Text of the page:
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Title: Paul Bannai Interview II
Narrator: Paul Bannai
Interviewer: Alice Ito
Location: Seattle, Washington
Date: December 29, 2000
Densho ID: denshovh-bpaul-02-0007

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AI: And now, to get caught up again, you told us how you did then get back to the United States. You landed in Vancouver, Washington...

PB: Right.

AI: ...and then went down to the Los Angeles area...

PB: Right.

AI: ...found out where your family was...

PB: Uh-huh.

AI: ...and decided to re-enlist for one more year. And now, at that point you found your family, and where were they living at that time when you first got back to them?

PB: Well, they found a trailer in Long Beach. And because...

AI: California.

PB: ...I had money that I had accumulated -- I never drew money when I was in the army. I could eat and sleep on military. So I had back pay. It wasn't a lot. I had enough money to make a down payment on a little house on the south side. It was Broadway and Fifty-first. And I bought a little house for the family so that we wouldn't have to pay exorbitant rent. And I had in mind that now that they were settled that I could go back to Japan if -- so I had re-enlisted, as I say, for one year. When I went back to camp, they said, "If you enlist more than one year, two or three years, we will let you go overseas. But we have a law that you cannot go overseas if it's one-year enlistment." So I said, "Fine. I will stay." Well, during that interim, one year, I had a, you might say, furlough, and I met my future wife, Hideko, in Chicago. And we decided to get married. So we were married in Chicago. And I then was ordered to Fort Lewis, Washington, right here near Seattle. So we came out to Seattle. She was working for the government, so -- she worked at Madigan, I think it was Madigan General Hospital which was part of the fort. And I eventually got a house at Fort Lewis, and we moved in. So I was there for the one year except for times that I spent out on other duty.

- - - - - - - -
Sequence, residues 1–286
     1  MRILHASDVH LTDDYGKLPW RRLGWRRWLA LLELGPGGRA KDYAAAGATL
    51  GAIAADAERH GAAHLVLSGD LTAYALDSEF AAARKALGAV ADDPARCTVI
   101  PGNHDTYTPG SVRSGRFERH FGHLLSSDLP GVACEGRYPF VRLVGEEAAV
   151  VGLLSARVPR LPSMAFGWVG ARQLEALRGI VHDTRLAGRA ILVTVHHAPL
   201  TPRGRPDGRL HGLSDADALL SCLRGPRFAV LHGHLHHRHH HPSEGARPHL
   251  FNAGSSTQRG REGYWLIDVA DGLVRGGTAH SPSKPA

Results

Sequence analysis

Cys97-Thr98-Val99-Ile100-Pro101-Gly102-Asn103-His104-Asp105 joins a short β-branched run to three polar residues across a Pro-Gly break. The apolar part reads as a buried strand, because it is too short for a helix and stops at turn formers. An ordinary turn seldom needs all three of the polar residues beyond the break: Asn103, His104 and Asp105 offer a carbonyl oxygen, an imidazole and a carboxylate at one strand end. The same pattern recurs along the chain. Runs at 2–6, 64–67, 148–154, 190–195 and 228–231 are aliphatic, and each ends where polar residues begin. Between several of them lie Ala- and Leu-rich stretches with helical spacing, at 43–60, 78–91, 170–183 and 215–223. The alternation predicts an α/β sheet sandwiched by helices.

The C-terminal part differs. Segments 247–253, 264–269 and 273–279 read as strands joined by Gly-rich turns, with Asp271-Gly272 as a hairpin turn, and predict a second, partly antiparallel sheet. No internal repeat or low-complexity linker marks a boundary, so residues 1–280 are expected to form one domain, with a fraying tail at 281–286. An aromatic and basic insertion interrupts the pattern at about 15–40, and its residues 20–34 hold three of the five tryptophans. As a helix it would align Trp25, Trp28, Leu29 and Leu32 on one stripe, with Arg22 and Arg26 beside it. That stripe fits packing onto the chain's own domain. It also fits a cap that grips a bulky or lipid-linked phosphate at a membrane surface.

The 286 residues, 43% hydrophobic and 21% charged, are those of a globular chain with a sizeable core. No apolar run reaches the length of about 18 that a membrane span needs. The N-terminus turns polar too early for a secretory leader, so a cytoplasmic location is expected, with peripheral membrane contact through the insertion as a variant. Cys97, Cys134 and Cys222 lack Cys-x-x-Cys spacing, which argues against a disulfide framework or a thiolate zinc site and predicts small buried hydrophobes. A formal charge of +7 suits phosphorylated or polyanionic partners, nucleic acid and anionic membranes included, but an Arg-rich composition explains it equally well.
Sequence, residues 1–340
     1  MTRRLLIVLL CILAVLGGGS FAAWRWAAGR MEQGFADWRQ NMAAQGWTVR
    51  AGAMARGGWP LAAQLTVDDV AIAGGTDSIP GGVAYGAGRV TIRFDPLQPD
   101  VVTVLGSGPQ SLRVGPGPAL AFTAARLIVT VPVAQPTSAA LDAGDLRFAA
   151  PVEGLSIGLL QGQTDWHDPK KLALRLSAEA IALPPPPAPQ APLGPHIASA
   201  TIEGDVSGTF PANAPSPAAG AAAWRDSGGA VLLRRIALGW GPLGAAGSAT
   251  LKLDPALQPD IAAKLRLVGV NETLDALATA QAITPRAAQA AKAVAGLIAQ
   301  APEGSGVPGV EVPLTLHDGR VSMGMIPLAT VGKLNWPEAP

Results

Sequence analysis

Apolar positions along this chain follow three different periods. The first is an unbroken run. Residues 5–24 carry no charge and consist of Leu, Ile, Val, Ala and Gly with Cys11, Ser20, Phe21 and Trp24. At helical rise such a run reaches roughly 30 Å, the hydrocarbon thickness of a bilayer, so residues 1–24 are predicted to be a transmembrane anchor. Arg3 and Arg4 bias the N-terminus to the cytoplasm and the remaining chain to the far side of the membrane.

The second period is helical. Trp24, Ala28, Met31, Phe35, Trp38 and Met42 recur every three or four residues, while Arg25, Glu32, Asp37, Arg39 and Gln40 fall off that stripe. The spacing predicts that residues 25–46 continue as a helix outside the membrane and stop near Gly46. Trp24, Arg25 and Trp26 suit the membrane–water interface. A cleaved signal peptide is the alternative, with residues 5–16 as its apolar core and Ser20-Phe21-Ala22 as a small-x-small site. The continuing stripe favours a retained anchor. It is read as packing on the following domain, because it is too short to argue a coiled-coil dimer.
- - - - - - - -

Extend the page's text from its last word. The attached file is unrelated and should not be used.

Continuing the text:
AI: Now, would this have been 1946 that you got married?

PB: Yes.

AI: Approximately?

PB: Yes, I think it was '46, right.

AI: 1946 or so you... now, how did you meet Hideko? Did you meet her...

PB: Well, I had...

AI: ...earlier in...?

PB: ...heard of her because I told you that the Bainbridge people came to Manzanar. Her sister married a fellow, Nishimori, from Bainbridge. So I didn't know my wife at that time very well, but she had gone to, as I say Chicago. So through my sister, and my sister was working at a theological Presbyterian seminary in Chicago, and I would go there because I could stay at the dormitories without charge. And it was through that that we decided that we'd get together and get married. In fact, because of my sister's association at the seminary, the dean of the school, the pastor married us without charge and even took care of our little reception. So being a soldier with very little money, it was some incentive. It was very good.

But we came here to Fort Lewis. And my wife's parents had originally from Japan had settled in Tacoma. So there were a lot of people that they knew. One of the families was the Fujimoto, and we lived right across from Buddhist church on Fawcett Avenue, I remember that. And even though I was not always at the fort -- I was being sent to San Diego to help the marines. I was over in Yakima because I had a tank company. I did have a house on the post at Fort Lewis until my discharge. So that was a military type of a life. And I spent a lot of time in Seattle also when I was up here, and it was a very pleasant experience. And one thing I remember, and I'm sure that since I'm in Seattle I can say this, is that I had one day -- or not one day -- but one month it, we had twenty-eight days of rain at Fort Lewis. [Laughs] And as I tell people, if it was February it would've been every day of the month. But it was not. I always joke about that because it is a rainy country up here.

AI: So you had no thought of staying here in the Northwest.

PB: No...

AI: You were definitely planning...

PB: ...because, yeah.

AI: return to Southern California.

PB: Right. Because my folks were there and I was concerned about my family.

<End Segment 7> - Copyright © 2000 Densho. All Rights Reserved.